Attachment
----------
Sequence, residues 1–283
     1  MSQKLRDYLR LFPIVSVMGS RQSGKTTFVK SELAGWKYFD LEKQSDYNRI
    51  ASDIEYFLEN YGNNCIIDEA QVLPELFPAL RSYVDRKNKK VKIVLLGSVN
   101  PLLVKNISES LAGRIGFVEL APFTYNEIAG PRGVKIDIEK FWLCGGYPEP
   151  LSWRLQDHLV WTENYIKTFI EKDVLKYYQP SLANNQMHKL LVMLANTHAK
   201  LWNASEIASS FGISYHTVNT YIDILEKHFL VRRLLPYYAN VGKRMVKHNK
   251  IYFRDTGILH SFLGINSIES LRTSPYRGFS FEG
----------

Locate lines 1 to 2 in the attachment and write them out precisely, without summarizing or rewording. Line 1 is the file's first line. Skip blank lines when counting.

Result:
Sequence, residues 1–283
     1  MSQKLRDYLR LFPIVSVMGS RQSGKTTFVK SELAGWKYFD LEKQSDYNRI